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  • Mica picked some pale leaves from the one of the succulents along the brick walkway and rubbed the small plump leaves between her fingers. A waxy white coating rubbed off, leaving the leaves bright and shiny. They looked more like fat green grubs than leaves. They were taut and resilient, bouncing back to their original curved shapes when she released her gentle pressure. When she squeezed harder, the leaves popped, and a cool wet slime oozed out. The slime had a kind of grit to it, and Mica rubbed her fingers back and forth, feeling the contrast between the smooth moisture and rough grit. The crushed leaves felt sensuous, almost sexual. She sniffed her fingers; they smelled faintly like new-mown grass.

    She grabbed another larger handful of succulent leaves, and rubbed them slowly between her palms, savoring the sensations. Then she placed her hands down on top of some of the plants and pressed down.

    "Mica, stop. What are you doing?" Chico ran over and grabbed her hands. After a minute, he let go and she plucked another strand of leaves. He shook her.

    "You're going to get us evicted," he said, "The landlord will be furious if you ruin the gardens. What are you thinking?"
  • Mica looked up at Chico, worried and puzzled. He had deep lines between his brows. She reached up and tried to smooth them, but they sprang back into an angry frown. Thinking? She'd been feeling. Touching. There were whole galaxies inside the tiny succulent leaves. Galaxies colliding. Explosions. Black holes.

    The black holes were hungry. They nibbled at her fingers, they sucked at her arms. She tumbled headlong into the darkness, the crushing, relentless darkness where the murciélagos lived. [moor-SEE-a-leg-ohz]

    But the murciélagos weren't home. The darkness began to shine with pinpoints of light, more and more stars appearing. She burst through thin papery sheaves of darkness into fountains of light which expanded and expanded until everything was light. Light flowed through her arms and legs out into the cosmos. Light from the cosmos poured in through the top of her head in waves like orgasms. She let go, relaxed into the light. The light hummed and sang. The singing rose and fell, consuming the universe, falling back into silence again, and growing. Growing sweeter, higher, and at the same time, more electrical.

    Sometime later, maybe minutes, maybe hours, maybe years or millennia, Mica woke up curled on the brick walkway in the hanging gardens of the Diamond Heights house where she lived with her husband Chico. Hummingbirds flitted among the fuchsias, butterflies floated above her head. She felt chilled and sat up, wrapping her arms around her shoulders.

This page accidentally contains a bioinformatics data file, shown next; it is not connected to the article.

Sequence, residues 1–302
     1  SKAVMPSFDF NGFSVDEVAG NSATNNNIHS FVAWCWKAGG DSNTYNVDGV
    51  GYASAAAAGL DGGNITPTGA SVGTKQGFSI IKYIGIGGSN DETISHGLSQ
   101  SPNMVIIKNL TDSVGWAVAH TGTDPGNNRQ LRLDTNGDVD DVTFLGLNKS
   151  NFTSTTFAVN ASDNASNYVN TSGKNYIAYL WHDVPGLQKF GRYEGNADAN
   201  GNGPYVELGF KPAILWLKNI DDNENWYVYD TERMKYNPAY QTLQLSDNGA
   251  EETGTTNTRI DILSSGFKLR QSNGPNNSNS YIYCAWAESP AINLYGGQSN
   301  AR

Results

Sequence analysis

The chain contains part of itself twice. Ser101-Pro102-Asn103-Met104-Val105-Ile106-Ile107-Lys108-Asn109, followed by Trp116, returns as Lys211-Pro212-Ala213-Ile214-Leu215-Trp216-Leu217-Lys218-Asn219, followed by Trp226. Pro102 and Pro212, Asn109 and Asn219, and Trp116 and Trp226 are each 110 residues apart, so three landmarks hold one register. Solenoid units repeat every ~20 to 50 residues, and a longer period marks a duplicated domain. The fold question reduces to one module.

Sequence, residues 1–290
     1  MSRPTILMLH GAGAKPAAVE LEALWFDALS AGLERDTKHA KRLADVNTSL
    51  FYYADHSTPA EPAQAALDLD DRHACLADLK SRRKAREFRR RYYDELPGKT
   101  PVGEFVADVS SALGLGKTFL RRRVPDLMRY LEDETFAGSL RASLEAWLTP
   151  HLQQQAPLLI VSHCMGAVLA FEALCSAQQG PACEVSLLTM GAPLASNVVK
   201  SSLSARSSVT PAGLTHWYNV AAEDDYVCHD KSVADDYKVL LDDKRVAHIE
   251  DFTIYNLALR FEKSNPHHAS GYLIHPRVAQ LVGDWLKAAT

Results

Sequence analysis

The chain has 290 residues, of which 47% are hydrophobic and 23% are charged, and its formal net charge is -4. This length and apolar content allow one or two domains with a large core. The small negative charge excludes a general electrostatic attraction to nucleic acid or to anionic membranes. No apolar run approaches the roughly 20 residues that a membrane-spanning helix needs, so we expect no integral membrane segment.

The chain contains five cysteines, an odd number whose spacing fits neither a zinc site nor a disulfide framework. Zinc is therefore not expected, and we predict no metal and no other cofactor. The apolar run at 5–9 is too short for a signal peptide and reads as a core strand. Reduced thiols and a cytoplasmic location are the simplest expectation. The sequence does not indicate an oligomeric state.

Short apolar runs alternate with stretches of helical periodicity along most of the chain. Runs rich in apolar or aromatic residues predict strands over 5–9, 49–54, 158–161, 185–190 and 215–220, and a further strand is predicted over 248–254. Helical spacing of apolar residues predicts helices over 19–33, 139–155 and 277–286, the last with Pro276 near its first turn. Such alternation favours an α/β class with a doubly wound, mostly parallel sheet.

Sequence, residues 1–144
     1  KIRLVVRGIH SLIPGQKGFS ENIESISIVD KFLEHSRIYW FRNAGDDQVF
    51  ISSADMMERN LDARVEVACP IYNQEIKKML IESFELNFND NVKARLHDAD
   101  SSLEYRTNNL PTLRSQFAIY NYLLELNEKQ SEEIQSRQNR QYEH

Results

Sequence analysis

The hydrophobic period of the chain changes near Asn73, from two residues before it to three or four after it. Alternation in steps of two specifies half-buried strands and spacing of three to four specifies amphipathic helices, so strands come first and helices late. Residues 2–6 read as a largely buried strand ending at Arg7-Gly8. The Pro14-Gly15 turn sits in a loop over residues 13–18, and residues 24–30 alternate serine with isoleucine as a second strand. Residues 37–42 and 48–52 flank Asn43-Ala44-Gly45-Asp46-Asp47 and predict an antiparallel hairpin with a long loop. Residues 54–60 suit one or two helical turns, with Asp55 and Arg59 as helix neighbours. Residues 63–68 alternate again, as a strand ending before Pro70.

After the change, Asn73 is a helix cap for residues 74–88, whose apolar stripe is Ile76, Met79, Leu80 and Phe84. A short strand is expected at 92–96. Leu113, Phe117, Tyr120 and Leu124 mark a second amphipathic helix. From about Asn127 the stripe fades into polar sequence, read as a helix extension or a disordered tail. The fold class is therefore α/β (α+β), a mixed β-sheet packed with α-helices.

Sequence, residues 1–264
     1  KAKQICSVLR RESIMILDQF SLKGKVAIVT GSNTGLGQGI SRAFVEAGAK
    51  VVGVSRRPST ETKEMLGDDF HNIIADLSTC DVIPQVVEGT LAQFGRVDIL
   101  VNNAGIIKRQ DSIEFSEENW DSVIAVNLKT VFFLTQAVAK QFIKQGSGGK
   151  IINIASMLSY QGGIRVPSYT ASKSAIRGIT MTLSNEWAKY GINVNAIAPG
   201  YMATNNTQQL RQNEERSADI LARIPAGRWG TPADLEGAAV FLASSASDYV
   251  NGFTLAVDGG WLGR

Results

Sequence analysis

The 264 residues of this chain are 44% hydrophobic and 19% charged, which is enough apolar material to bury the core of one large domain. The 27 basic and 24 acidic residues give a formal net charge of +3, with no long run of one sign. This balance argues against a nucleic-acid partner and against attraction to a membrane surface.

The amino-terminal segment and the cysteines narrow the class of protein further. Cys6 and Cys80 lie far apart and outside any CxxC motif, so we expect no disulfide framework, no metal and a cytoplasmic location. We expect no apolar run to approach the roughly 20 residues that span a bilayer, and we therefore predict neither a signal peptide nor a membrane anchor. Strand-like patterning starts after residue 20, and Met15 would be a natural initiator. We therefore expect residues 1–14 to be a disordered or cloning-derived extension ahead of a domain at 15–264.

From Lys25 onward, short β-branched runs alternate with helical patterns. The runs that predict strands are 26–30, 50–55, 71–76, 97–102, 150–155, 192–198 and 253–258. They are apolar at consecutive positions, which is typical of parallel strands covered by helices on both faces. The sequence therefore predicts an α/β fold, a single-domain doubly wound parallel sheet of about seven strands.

"Hello," a voice said.
  • Mica looked up. Sitting on the redwood deck was a kid, or a young man. His bare feet dangled above the succulents, kicking lightly back and forth. He was slender with red hair and freckles. She had met him before. He used to work at the coffeehouse where Chico worked, but he'd been fired. Why had he been fired? Mica couldn't remember. What was his name? Sean.

    His name was Sean. Sean Michael O'Flannery. He was Irish, no kidding.

    "Hi Sean," Mica said, and Sean grinned back at her.

    "Hi Mica," he said. "Are you hungry?"

    Mica turned her attention to her body. Was she hungry? Maybe, a little. She'd lost a lot of weight, Chico had told her. She rarely felt hungry any more. Eating often seemed like a waste of time, whatever time was.

    "Where's Chico?" she asked, not bothering to answer whether she was hungry or not. It seemed like such a trivial question.
  • "He's at work. He asked me to stay with you, keep you safe.”

    “Safe? Safe? Who’s going to keep me safe from him?”

    Sean didn’t say anything. Mica got up and wandered aimlessly around the garden. Then she went to the fence and looked out over the city. A veil of reddish-grey smog obscured her view of the ocean. She could toss a pebble down of roofs of the houses below the cliff. She wandered back through garden, past the back wall of hanging fuchsia trees, stopping to peer up the pink and purple skirts of the maidens at their many spindly little legs. Then she sat down beside Sean.

    “I don’t get it,” she said, “why do I need you to keep me safe?”